AUGUSTA, Maine — Anthem Blue Cross and Blue Shield of Maine has appealed a decision by the Maine superintendent of insurance to hold down average monthly premium increases for individual policyholders this year from the 18.5 percent requested by the company last spring to 10.9 percent.
The Maine Bureau of Insurance announced the ruling in May after a series of statewide public hearings. Anthem protested the state’s decision in a court document filed in late August in Kennebec County Superior Court. On Sept. 23, the state Office of the Attorney General answered Anthem’s appeal.
The appeal focuses on the decision by Insurance Superintendent Mila Kofman to allow the company no built-in profit margin for the current fiscal year, which began in July. Anthem, a subsidiary of Indiana-based insurance giant WellPoint, had requested an 18.5 percent rate increase that would support a 3 percent profit this year for policies sold to individual Mainers who are not covered under employer-sponsored group policies. Kofman’s decision reduced the average increase to 10.9 percent.
In its defense of Kofman’s decision, the Attorney General’s Office cited Anthem’s “extremely sound financial condition” and its long history of profitability across all product lines as supportable reasons to curtail profits in the current year. Profits across all product lines, including large group, small group and individual poli-cies, were 7.5 percent in 2008, 9.4 percent in 2007, 5.7 percent in 2006, 5.4 percent in 2005 and 6.7 percent in 2004, according to the Attorney General’s Office defense.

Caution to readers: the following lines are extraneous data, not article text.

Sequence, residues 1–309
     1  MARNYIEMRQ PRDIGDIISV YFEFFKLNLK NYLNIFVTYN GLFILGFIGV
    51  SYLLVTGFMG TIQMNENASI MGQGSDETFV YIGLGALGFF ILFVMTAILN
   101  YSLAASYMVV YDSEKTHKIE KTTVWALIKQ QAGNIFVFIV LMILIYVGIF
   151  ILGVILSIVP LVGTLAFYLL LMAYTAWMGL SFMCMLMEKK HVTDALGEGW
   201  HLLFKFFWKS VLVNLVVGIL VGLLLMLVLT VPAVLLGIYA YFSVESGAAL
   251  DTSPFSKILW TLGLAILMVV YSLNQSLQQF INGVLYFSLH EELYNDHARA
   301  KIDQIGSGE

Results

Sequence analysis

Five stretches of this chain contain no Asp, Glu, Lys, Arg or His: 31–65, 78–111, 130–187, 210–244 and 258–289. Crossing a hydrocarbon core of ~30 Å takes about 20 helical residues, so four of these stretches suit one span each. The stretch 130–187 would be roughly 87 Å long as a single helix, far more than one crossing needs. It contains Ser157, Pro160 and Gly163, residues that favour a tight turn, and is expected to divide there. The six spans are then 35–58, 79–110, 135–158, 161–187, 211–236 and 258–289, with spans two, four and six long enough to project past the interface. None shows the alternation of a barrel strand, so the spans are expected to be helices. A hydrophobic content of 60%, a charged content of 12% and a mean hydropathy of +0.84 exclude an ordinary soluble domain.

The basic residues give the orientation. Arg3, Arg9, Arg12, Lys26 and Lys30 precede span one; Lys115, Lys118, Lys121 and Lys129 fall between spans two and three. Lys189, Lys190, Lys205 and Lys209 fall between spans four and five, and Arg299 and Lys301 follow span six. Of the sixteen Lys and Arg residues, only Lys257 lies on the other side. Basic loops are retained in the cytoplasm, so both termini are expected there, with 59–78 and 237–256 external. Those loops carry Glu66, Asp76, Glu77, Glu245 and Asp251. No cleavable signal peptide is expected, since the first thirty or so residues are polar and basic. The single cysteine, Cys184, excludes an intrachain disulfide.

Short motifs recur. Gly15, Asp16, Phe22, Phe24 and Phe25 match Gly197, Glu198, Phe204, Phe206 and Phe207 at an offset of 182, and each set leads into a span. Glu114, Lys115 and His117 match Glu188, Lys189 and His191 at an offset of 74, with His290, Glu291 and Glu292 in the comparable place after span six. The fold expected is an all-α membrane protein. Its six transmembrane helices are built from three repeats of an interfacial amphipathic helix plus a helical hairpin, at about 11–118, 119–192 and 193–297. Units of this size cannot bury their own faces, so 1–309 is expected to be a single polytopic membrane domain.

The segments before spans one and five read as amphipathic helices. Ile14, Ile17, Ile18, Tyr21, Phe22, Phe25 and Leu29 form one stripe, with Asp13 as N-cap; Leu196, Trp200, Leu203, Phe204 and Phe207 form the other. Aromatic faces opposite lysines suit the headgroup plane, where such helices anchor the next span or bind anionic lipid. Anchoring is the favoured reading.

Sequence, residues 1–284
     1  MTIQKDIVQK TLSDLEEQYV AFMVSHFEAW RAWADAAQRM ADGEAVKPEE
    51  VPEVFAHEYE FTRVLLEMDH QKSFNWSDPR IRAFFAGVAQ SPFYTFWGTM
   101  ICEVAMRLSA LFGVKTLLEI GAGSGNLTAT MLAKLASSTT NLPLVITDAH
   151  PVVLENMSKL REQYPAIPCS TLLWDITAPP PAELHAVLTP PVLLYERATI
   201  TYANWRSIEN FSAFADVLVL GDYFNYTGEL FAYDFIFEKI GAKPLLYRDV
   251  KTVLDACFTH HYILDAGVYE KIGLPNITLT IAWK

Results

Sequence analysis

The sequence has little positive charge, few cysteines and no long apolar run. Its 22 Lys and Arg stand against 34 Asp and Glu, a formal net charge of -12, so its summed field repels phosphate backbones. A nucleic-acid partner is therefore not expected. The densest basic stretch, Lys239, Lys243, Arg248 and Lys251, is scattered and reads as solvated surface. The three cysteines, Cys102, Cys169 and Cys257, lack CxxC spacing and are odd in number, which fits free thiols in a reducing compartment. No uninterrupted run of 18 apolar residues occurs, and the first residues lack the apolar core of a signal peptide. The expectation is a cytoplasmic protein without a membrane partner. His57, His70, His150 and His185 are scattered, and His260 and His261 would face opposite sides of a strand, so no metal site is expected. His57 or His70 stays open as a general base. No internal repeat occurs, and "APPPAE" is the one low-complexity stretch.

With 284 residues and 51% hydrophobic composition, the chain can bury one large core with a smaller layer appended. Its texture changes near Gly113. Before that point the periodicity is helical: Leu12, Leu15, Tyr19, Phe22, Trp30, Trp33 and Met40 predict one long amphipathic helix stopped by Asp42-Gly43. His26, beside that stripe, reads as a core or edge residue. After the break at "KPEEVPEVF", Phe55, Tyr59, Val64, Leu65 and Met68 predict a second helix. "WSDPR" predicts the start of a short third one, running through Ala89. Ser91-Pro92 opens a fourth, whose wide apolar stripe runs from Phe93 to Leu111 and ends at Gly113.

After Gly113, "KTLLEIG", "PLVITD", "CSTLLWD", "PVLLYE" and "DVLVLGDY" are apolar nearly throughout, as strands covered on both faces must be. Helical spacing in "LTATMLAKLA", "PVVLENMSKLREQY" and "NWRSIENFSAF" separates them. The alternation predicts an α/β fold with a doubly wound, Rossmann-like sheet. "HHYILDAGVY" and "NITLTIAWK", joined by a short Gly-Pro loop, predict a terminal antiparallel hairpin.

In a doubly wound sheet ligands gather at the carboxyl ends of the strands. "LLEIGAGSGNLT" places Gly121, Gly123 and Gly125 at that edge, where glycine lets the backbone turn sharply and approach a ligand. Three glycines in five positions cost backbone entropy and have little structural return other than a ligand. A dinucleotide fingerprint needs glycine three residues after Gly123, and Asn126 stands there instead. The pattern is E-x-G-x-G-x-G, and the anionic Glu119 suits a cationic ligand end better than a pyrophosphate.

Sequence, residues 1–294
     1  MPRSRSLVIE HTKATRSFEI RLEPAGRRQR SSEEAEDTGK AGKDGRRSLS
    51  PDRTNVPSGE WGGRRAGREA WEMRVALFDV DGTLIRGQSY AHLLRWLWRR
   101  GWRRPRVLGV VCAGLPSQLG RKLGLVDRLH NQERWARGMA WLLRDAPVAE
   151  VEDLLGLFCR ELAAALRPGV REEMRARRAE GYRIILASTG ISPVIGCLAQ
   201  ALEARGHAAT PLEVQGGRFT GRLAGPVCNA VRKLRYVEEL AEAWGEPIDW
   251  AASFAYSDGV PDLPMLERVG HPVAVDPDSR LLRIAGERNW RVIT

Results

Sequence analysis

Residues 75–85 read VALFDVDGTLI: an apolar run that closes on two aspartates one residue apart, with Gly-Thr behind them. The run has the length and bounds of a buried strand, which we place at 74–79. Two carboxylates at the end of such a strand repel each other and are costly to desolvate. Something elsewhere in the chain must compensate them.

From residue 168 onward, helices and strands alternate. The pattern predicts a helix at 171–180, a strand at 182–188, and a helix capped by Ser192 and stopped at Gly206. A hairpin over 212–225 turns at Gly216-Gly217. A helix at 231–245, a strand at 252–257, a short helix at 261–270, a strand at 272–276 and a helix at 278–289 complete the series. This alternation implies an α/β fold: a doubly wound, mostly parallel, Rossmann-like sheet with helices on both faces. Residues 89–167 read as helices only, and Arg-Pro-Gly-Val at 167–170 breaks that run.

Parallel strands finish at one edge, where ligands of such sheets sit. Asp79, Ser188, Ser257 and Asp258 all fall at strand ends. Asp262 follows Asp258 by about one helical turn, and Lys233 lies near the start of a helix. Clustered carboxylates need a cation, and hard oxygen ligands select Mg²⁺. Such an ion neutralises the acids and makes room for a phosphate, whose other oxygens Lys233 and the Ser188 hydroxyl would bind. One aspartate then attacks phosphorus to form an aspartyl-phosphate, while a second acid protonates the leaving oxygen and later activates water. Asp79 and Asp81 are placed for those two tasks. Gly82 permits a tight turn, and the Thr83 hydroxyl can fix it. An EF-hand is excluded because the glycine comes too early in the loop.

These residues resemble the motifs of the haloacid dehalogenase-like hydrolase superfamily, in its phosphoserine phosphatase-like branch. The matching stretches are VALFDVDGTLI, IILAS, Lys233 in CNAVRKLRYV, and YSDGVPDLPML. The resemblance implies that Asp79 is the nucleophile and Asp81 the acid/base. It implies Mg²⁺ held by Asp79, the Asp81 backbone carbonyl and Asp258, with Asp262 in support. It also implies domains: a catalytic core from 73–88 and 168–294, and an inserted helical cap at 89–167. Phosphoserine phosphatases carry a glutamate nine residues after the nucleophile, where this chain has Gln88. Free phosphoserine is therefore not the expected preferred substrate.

In addition, the office’s response noted that in the three-year period from 2006 to 2008, Anthem’s Maine operation paid nearly $152 million in dividends to WellPoint. And in 2006, executive compensation for the nine highest-paid administrators in Maine totaled more than $4.3 million, averaging almost $500,000 per executive.
Assistant Attorney General Tom Sturtevant said Monday that Kaufman’s ruling did not rule out the possibility of Anthem realizing a profit, but simply didn’t allow the profit to be built into the company’s rate structure for this year.
“If they reduce administrative expenses” or save money in other ways, he said, Anthem still could realize a profit. Should the court rule in Anthem’s favor, he added, Mainers covered by individual policies likely would see their premiums increase this year.
Health care organizer Ali Vander Zanden of the Maine People’s Alliance said Monday that Kofman’s decision bodes well for Maine consumers.
“It is a very strong decision,” she said, “but it could have gone even further. Even a 10.9 percent increase is too high given the general economic situation.”
A spokesman for Anthem did not return calls Monday afternoon. The company is expected to respond to the Attorney General’s Office’s statement later this week, and a court ruling on the appeal is expected in November.
A public protest of Anthem’s appeal by the Maine People’s Alliance and other groups is scheduled for noon Wednesday on the steps of the Kennebec County Courthouse in Augusta.